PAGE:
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PPPL researchers find way to build high-temperature superconducting magnets for fusion devices

Researchers at the US Department of Energy’s (DOE) Princeton Plasma Physics Laboratory (PPPL) have found a way to build high-temperature superconducting magnets made of material that conducts electricity with little or no resistance at temperatures warmer than before. Such powerful magnets would more easily fit within the tight space inside spherical tokamaks, which are shaped more like a cored apple than the doughnut-like shape of conventional tokamaks, and are being explored as a possible design for future fusion power plants.

A paper on the work is published in IEEE Transactions on Applied Superconductivity.

Significant progress has been made recently in the US fusion community to develop a strategic plan to enable engineering design and construction of a fusion pilot plant (FPP). Princeton Plasma Physics Laboratory (PPPL) is working on developing high current density HTS conductors for next fusion experiments. Partnering with the US industry, we are evaluating feasibility and affordability of Conductor on Round Core (CORC) developed by Advanced Conductor Technologies (ACT) for the next compact fusion tokamak facility.

High current density achieved by a CORC cable based on a four-layer model coil recently tested at National High Magnetic Field Laboratory (NHMFL) motivated its consideration for low cost, reduced size fusion magnet application. This is of interest to PPPL because of its scalability to tokamak central solenoid (CS) coils in terms of required flux swings for plasma startup operations.

Partnering with ACT, we designed and built a two-layer model coil solenoid directly wound with CORC to demonstrate its applicability for compact solenoids such as that used in the national spherical torus experiment (NSTX), NSTX-upgrade (NSTX-U) and the US sustained high-power density test facility (SHPD). The ∼160 mm diameter solenoid wound by a two-layer CORC is being tested in early 2022 under electromagnetic cyclic loading at NHMFL in a unique 160 mm bore, 14 T background field magnet facility.

—Zhai et al.


Images of a high-temperature superconducting magnet which could improve the performance of spherical tokamak fusion devices. (Collage by Kiran Sudarsanan)

Since the magnets could be positioned apart from other machinery in the spherical tokamak’s central cavity to corral the hot plasma that fuels fusion reactions, researchers could repair them without having to take anything else apart.

To do this, you need a magnet with a stronger magnetic field and a smaller size than current magnets. The only way you do that is with superconducting wires, and that’s what we’ve done.

—Yuhu Zhai, a principal engineer at PPPL and lead author

Fusion, the power that drives the sun and stars, combines light elements in the form of plasma—the hot, charged state of matter composed of free electrons and atomic nuclei—that generates massive amounts of energy. Scientists are seeking to replicate fusion on Earth for a virtually inexhaustible supply of safe and clean power to generate electricity.

High-temperature superconducting magnets have several advantages over copper magnets. They can be turned on for longer periods than copper magnets can because they don’t heat up as quickly, making them better suited for use in future fusion power plants that will have to run for months at a time. Superconducting wires are also powerful, able to transmit the same amount of electrical current as a copper wire many times wider while producing a stronger magnetic field.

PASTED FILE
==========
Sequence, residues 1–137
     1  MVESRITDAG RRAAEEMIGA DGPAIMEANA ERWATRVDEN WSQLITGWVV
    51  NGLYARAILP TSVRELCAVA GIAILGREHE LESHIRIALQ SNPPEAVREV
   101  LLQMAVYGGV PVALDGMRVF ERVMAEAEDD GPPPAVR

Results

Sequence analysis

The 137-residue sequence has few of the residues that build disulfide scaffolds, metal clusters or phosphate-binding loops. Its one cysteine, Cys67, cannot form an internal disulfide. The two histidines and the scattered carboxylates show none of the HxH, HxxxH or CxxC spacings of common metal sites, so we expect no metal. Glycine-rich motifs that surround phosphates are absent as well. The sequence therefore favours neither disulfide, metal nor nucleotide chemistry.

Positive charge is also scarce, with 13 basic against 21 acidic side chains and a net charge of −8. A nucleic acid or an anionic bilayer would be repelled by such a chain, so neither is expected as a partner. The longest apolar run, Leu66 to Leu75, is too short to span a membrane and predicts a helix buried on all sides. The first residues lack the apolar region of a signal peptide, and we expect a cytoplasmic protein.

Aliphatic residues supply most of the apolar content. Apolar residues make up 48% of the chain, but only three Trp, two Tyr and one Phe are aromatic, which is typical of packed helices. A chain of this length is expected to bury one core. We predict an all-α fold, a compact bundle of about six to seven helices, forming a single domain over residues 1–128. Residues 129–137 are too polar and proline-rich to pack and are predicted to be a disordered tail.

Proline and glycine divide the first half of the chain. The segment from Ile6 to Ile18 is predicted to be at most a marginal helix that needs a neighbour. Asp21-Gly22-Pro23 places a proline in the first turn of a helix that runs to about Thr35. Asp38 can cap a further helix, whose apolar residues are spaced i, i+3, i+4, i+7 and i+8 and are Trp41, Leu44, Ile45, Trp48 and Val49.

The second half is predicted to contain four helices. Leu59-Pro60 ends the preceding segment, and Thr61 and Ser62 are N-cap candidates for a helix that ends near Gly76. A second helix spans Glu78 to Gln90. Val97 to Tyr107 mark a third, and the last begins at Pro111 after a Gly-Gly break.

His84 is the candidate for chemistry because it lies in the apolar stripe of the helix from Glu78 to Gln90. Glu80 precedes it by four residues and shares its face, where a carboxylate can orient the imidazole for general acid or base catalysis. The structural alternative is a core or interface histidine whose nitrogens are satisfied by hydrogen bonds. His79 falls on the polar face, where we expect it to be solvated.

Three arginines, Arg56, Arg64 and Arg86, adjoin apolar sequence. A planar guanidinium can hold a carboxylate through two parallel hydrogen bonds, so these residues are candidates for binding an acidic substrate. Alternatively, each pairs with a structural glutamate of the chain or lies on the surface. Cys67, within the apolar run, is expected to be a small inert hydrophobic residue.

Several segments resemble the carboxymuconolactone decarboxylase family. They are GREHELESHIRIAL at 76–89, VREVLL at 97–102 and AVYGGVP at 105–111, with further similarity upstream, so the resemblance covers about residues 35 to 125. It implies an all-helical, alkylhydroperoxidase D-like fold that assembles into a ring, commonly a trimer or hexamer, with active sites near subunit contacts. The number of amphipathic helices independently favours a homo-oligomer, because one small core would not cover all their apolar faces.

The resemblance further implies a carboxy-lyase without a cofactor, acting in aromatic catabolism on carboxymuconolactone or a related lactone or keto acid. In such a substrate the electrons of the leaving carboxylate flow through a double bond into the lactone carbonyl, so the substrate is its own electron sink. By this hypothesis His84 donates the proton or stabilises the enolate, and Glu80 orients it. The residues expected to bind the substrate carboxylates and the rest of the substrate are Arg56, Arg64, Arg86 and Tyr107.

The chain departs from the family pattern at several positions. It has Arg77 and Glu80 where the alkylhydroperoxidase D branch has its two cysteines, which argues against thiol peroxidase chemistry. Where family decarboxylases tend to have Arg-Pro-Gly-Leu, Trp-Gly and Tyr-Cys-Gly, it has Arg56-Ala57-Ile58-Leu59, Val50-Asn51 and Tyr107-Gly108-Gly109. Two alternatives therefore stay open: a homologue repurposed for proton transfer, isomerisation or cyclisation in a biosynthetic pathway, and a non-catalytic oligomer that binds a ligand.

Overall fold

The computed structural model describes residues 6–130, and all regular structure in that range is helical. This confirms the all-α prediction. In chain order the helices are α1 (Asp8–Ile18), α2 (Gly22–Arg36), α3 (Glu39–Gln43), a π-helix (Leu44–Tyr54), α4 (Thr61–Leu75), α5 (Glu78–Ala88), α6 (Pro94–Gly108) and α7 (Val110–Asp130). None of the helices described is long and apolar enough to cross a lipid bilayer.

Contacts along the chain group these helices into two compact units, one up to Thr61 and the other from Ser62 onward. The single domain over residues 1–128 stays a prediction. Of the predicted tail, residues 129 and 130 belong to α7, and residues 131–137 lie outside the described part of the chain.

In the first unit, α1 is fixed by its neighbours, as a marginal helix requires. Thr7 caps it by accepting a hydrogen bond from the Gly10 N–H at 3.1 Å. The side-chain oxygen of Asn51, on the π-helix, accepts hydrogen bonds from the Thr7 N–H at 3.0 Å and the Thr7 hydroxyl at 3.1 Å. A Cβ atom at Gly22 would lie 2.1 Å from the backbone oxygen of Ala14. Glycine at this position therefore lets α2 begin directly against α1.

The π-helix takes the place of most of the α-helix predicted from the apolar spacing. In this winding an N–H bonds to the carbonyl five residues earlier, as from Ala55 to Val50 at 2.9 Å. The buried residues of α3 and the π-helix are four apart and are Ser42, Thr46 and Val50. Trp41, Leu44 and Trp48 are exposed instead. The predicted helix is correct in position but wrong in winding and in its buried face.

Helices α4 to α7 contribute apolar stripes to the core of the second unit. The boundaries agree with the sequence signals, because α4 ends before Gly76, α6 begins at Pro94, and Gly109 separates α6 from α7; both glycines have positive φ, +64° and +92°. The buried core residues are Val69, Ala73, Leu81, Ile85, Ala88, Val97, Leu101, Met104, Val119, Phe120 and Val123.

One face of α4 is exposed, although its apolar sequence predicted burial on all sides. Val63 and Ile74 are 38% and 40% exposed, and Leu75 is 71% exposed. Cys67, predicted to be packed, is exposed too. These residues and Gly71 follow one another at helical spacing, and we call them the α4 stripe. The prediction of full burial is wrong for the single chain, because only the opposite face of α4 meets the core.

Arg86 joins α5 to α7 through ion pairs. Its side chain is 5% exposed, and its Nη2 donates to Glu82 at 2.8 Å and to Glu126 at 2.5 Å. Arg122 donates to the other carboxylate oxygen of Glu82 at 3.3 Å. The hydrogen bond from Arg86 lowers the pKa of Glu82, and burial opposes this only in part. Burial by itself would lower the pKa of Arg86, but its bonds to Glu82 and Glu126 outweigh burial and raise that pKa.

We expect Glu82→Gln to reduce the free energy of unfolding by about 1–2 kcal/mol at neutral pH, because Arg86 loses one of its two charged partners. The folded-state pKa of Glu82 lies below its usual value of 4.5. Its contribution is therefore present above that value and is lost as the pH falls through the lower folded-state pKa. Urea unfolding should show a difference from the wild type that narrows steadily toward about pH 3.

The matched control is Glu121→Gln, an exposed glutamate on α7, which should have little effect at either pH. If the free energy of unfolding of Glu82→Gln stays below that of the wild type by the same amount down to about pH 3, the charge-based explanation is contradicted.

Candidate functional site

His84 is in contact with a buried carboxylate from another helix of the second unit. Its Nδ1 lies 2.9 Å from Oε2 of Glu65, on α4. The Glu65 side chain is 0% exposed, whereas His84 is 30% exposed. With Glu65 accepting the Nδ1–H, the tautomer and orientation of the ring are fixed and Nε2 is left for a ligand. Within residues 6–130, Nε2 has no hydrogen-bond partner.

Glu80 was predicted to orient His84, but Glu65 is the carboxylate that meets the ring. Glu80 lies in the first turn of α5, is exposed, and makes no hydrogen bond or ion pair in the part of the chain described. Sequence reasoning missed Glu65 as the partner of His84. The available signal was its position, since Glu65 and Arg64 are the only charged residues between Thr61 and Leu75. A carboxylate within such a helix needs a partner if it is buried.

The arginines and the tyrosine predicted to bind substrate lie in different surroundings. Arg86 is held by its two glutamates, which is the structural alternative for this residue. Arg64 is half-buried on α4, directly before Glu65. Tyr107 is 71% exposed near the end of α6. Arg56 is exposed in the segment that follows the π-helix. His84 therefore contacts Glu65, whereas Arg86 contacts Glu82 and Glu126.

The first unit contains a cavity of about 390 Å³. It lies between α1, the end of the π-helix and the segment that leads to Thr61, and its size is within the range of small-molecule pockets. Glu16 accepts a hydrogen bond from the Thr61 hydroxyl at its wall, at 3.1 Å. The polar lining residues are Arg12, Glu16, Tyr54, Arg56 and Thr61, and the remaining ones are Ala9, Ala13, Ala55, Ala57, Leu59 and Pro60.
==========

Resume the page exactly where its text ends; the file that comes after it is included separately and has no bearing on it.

The magnets could also help scientists continue to shrink the size of tokamaks, improving performance and reducing construction cost.

Tokamaks are sensitive to the conditions in their central regions, including the size of the central magnet, or solenoid, the shielding, and the vacuum vessel. A lot depends on the center. So if you can shrink things in the middle, you can shrink the whole machine and reduce cost while, in theory, improving performance.

—Jon Menard, PPPL’s deputy director for research and co-author

These new magnets take advantage of a technique refined by Zhai and researchers at Advanced Conductor Technologies, the University of Colorado, Boulder, and the National High Magnetic Field Laboratory, in Tallahassee, Florida. The technique means that the wires do not need conventional epoxy and glass fiber insulation to ensure the flow of electricity. While simplifying construction, the technique also lowers costs.

The costs to wind the coils are much lower because we don’t have to go through the expensive and error-prone epoxy vacuum-impregnation process. Instead, you’re directly winding the conductor into the coil form.

—Yuhu Zhai

High-temperature superconducting magnets can help spherical tokamak design because the higher current density and smaller windings provide more space for support structure that helps the device withstand the high magnetic fields, enhancing operating conditions. Also, the smaller, more powerful magnets give the machine designer more options to design a spherical tokamak with geometry that could enhance overall tokamak performance. We’re not quite there yet but we’re closer, and maybe close enough.

—Thomas Brown, a PPPL engineer and co-author

This research was supported by the US Department of Energy (Small Business Innovation Research and Laboratory Directed Research and Development).


  • Y. Zhai, T. Brown, J. E. Menard, D. C. van der Laan, J. D. Weiss and Z. Johnson, “HTS Cable Conductor for Compact Fusion Tokamak Solenoids,” in IEEE Transactions on Applied Superconductivity, vol. 32, no. 6, pp. 1-5, Sept. 2022, Art no. 4203005, doi: 10.1109/TASC.2022.3167343.


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